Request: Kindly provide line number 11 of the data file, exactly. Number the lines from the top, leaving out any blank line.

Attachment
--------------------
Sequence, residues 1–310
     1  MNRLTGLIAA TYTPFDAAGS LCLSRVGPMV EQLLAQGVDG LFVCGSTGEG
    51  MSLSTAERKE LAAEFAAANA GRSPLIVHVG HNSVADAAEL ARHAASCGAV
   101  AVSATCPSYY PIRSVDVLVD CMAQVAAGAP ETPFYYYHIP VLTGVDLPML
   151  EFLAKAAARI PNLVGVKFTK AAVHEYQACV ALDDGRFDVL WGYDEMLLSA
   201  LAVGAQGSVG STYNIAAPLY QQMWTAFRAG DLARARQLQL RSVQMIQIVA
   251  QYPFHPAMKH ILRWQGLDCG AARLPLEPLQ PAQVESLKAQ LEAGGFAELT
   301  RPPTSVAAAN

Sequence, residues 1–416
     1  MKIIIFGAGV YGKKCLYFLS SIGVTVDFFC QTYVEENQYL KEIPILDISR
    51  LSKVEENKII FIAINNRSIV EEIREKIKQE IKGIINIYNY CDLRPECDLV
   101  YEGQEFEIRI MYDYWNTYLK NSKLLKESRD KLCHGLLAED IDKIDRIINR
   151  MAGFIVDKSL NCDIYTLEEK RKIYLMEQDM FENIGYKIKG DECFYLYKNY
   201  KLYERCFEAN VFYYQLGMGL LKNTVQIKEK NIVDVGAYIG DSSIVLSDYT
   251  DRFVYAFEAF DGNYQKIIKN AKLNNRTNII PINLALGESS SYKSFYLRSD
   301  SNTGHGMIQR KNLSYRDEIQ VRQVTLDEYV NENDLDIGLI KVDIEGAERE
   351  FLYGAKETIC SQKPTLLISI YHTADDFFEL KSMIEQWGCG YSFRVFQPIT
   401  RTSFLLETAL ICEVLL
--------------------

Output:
    51  LSKVEENKII FIAINNRSIV EEIREKIKQE IKGIINIYNY CDLRPECDLV